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If you really had studied biochemistry and microbiology, you should have realized that the damp environment inside a washer is good for microbes to reproduce. The alkalescence of the detergent is not strong enough to kill them. Wha't worse, it may help the microbes to become more and more resistent to alkalescence.

I'm not saying that my laundry is clean. But isn't your own washer more sanitary? Being hostile and misunderstanding others can't help anyone.:nono

Btw, whenever I saw some kid shit in a public place, I would stare at their parents right into their eyes until they couldn't stand my staring and moved their kids away.

For the kids without a parent beside them, that was even simpler. Stop them and scold them until they had to do their business in their pants.:mrgreen: Usually they are too young to fight back.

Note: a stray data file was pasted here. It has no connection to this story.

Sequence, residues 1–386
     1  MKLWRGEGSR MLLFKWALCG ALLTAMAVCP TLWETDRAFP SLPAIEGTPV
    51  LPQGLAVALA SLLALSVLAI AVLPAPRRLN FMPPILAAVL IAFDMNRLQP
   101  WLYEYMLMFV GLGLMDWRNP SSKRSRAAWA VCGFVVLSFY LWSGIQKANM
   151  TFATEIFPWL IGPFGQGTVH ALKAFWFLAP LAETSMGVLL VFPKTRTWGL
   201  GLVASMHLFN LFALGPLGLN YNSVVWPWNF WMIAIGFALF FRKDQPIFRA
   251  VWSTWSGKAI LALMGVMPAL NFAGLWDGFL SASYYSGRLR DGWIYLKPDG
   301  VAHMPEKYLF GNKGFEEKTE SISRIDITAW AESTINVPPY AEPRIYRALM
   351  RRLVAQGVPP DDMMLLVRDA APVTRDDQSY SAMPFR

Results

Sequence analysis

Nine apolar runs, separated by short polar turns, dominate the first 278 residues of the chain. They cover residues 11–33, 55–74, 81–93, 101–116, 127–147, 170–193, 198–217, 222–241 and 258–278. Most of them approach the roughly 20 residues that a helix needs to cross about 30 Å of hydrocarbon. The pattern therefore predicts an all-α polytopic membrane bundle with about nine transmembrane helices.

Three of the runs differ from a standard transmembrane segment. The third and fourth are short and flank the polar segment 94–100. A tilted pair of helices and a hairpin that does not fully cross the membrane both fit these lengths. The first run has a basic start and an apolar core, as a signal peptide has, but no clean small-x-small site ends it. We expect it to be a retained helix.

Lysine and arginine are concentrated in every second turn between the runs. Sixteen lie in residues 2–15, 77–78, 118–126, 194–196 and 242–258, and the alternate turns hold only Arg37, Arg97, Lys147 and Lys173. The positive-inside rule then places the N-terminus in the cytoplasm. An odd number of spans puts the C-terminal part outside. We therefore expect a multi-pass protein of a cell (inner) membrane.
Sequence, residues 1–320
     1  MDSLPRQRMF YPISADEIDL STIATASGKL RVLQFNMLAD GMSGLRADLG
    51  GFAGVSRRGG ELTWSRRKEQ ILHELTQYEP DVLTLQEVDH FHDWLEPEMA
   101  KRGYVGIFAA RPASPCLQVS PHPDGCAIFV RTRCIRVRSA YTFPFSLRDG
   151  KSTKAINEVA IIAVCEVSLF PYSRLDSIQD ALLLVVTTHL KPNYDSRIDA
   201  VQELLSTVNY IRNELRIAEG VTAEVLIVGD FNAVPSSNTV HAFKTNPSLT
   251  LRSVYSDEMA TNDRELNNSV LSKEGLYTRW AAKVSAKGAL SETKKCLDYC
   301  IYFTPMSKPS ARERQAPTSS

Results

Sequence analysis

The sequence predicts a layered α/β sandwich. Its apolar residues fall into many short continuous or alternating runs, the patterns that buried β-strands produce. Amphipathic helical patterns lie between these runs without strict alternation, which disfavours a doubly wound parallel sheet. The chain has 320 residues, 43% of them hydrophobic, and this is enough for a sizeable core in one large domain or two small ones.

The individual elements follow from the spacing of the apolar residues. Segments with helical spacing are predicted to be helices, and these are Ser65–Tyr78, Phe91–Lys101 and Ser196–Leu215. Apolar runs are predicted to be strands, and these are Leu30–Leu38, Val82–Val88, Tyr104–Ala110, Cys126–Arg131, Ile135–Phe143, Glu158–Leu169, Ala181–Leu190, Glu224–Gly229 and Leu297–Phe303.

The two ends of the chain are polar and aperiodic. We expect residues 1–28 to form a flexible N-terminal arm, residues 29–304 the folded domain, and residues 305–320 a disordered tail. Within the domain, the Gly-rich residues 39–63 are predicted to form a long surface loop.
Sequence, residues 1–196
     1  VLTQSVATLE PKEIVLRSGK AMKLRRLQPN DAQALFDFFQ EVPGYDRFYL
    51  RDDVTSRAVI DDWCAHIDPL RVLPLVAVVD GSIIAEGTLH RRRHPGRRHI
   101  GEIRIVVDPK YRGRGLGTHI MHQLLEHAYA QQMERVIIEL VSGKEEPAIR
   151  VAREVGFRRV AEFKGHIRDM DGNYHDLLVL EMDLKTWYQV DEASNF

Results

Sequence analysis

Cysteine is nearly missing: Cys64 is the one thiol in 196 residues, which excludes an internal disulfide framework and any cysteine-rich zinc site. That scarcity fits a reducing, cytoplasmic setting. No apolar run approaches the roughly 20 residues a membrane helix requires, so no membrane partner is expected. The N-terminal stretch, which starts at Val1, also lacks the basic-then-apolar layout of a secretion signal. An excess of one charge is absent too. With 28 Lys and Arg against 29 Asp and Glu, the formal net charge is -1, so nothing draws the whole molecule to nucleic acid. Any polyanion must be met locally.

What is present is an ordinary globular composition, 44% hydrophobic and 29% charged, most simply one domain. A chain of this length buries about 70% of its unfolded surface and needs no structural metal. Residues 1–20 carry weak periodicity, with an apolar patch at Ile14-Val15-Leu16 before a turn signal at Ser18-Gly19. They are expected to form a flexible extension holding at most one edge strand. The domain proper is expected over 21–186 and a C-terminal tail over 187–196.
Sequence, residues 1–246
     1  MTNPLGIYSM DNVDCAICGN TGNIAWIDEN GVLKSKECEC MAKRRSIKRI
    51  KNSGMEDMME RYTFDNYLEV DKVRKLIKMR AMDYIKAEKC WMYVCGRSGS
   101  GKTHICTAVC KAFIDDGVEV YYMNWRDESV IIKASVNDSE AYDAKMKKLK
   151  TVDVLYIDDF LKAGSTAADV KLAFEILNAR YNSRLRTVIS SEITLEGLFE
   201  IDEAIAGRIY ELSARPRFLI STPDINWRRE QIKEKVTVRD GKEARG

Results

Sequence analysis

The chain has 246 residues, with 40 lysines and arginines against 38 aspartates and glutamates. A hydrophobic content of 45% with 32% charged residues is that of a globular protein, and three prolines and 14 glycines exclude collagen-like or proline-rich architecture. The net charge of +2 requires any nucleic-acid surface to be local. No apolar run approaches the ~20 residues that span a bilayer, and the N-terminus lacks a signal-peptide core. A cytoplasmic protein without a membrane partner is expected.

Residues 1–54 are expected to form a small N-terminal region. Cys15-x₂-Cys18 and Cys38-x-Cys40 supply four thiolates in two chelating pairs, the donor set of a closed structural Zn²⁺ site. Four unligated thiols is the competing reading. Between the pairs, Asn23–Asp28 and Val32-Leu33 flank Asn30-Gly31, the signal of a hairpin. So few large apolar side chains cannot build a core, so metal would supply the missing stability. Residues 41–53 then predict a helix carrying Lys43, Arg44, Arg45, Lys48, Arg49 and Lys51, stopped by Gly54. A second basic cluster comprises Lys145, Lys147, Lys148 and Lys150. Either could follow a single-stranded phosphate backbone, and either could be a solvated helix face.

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skylee :

To lose weight, food is the key factor. Many poultry are raised with hormones. And after you eat them, those hormones go into your blood, which makes you grow fat. You'd better choose those not raised with hormones. But in the super market, all of the poultry is with those hormones.:tong

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It isn't a case of alkali killing germs. The dirt is dispersed in the liquid and rinsed away.

Regarding poultry, Swedish meat is sufficiently controlled. Mainly because of the Salmonella risk, I would never buy non-Swedish poultry.